City ready to put rivals to sword in historic quest
De Bruyne relishing Liverpool and United tests
It was a flawless start to a potentially momentous week in Manchester City's history.
And, as Kevin De Bruyne contemplated the weight of glorious possibilities beginning with Saturday's sumptuous, effortless 3-1 dismantling of Everton, he was in no mood to downplay the notion he was part of an ensemble producing footballing perfection.
For all the titles and domestic cups collected at the Etihad in this golden era, there would be no greater symbol of the shift in power than securing the Premier League title with victory over record title-winners Manchester United next Saturday, while ending Champions League-obsessed Liverpool's pursuit of a sixth triumph in Europe's elite competition.
Vast superiority can be confirmed by inflicting the ultimate psychological torment on neighbours and rivals.
"We are going to relish this position," said De Bruyne. "These are the games you play the whole season for. You try to do well the first six, seven, eight months to be where we are.
"To make it (the title) against United would be special. It would be so nice to go on to win against United, for the fans it would be something special.
"It would be wonderful, something different - you know how it goes between them, you know the history, so it would be historic.
"The sooner we do it, the better. Then we can focus on other games. It's a tough run.
"We play Liverpool, United, Liverpool again and then Tottenham. It's pretty impressive, eh?"
The manner of this victory was most satisfying for De Bruyne (above) and manager Pep Guardiola. There were no nerves of title hunters and no thoughts of merely getting the job done at a traditionally tough venue.
You could surround David Silva with a pack of bloodhounds and he still would not look flustered in possession, while first-half goalscorers Gabriel Jesus, Leroy Sane and Raheem Sterling keep improving.
Sane and Sterling are simply unrecognisable from a year ago.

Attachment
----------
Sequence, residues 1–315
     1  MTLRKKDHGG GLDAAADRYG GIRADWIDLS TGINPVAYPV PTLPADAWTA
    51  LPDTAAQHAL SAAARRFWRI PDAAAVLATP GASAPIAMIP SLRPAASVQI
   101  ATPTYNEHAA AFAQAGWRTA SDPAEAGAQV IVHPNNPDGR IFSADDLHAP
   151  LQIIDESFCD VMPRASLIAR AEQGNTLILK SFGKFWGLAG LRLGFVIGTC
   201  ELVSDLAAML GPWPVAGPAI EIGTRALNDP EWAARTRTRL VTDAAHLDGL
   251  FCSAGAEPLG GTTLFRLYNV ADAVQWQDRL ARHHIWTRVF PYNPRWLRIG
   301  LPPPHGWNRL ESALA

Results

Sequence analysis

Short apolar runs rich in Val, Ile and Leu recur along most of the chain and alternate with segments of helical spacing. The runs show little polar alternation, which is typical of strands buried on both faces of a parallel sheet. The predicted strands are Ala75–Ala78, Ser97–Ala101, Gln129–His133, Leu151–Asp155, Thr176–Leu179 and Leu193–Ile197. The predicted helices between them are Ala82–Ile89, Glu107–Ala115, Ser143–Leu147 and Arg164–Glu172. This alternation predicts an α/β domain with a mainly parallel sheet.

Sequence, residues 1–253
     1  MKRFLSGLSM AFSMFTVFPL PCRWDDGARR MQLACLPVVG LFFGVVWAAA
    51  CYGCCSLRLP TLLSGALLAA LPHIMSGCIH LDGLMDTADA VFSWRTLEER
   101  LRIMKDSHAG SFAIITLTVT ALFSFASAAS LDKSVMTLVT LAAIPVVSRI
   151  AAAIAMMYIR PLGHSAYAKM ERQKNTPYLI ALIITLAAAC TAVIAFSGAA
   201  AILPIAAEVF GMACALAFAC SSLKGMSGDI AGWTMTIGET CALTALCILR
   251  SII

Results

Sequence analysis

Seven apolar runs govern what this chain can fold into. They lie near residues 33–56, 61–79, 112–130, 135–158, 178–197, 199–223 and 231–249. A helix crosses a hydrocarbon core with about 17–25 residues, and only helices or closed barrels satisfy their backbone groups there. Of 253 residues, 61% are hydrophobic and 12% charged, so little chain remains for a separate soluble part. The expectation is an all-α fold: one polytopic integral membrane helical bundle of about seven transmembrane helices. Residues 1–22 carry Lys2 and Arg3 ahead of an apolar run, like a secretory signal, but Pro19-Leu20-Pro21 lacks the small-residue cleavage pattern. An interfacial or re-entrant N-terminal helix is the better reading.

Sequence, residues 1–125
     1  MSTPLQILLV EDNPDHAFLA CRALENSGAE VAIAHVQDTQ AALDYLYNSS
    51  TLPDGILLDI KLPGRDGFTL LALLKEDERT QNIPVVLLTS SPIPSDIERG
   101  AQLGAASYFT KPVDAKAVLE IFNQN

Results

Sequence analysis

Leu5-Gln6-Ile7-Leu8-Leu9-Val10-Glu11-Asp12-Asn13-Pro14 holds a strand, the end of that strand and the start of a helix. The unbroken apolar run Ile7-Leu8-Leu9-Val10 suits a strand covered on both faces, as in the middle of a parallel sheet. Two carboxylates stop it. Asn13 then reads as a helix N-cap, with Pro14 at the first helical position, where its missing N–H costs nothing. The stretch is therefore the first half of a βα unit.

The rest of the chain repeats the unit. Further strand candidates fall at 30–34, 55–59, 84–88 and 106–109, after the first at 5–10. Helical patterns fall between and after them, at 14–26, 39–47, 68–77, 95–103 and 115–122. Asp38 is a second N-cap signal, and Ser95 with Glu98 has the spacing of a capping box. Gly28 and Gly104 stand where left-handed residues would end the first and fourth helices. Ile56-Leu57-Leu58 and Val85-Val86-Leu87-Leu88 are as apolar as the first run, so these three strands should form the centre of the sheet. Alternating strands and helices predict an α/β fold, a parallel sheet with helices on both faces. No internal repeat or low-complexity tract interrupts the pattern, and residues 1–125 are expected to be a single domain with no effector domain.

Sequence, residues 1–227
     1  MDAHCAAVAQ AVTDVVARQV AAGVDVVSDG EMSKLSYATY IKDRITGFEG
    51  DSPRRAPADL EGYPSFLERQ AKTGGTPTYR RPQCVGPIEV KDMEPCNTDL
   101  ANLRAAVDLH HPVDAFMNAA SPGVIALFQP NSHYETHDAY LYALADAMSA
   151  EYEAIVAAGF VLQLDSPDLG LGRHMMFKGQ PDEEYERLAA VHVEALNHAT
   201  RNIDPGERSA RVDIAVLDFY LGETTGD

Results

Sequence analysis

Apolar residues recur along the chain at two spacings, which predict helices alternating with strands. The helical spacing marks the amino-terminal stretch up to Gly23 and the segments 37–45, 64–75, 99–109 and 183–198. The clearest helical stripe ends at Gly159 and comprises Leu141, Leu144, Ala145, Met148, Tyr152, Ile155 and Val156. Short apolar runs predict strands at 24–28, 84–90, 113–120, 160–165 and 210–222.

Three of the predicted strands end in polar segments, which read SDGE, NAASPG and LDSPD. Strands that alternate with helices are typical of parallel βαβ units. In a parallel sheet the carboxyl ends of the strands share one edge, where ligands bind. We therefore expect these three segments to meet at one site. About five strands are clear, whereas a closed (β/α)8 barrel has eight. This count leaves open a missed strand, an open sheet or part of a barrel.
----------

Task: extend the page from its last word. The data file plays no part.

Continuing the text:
Members of the Bolshoi Ballet should be sending scouts to City training to study Guardiola's choreography.
While many still wonder if City's defence is as steadfast as it needs to be to conquer Europe, few attackers get enough of the ball to test the theory.
De Bruyne sensed Everton bewilderment, a recurring trait in City's opponents, but especially notable on a demoralising evening for the hosts.
"The first-half, especially, was the best football we have played this season," said the Belgian.
"You could see it in their faces in the first-half that they didn't know what was happening. That's why you feel in so much control, I guess, when you see it on their faces.
"We have had a lot of games where we have controlled the game, but here, the first-half especially, was something different, another level. They didn't know what to do. We controlled it so much. They didn't know whether to press us or stay back, and there was something in between in the end.
"You know that you are in control and everything is going all right, how you planned it. You feel you have power over everything - offensively, defensively.
"Even when they made it 3-1 it came out of nothing and it stayed the same. Everybody was well balanced and we killed the game, I guess, just to win it."
De Bruyne acknowledged there may be a gulf of cosmic proportions when City begin stage two of their Mersey mission on Wednesday.
"It will probably be very different," he said. "It's the Champions League, the quarter-final, it is all or nothing. In that game (defeat at Anfield in the Premier League), we had a spell of 10 minutes where we lost the control and we lost three goals. Otherwise, I think we did alright.
"Obviously, they have their style of play, and to play there is very tough. But apart from those 10 minutes, we really did OK. Not the best game we have played, but I don't think there were at that time lots of periods when they were in control.
"You learn about these things, and I think we know we have to control it better. Let's see if we can."
The walk from Goodison to Anfield is less than a mile. Guardiola's side are making their way across Stanley Park with purposeful strides.
This victory was all the more uplifting because Guardiola had arrived at Goodison facing an odd statistical quirk: Everton were the only Premier League team he had not defeated.
Moreover, it was here last January that he suffered his worst defeat as a manager, losing 4-0.
There was never any chance of a repeat of that scoreline.
Within moments of the kick-off, Guardiola's team began to unleash their intricate passing movements as De Bruyne, Silva and Sterling exchanged seemingly radar-assisted one-twos.
No more than four minutes had elapsed before Aymeric Laporte, drafted in at left-back, reversed a lovely pass towards the line. Silva galloped forward, gathered the ball, and sent it fizzing to the back post, where Sane applied the finishing touch with a sublime volley.
This was not a contest; it was a humiliation and there were empty seats appearing in the Philip Carter Stand as early as half-time, with further goals from Jesus and Sterling having put City 3-0 ahead.
Yannick Bolasie's 63rd minute reply provided little consolation for outclassed Everton, as City go on to bigger challenges. (© Daily Telegraph, London)
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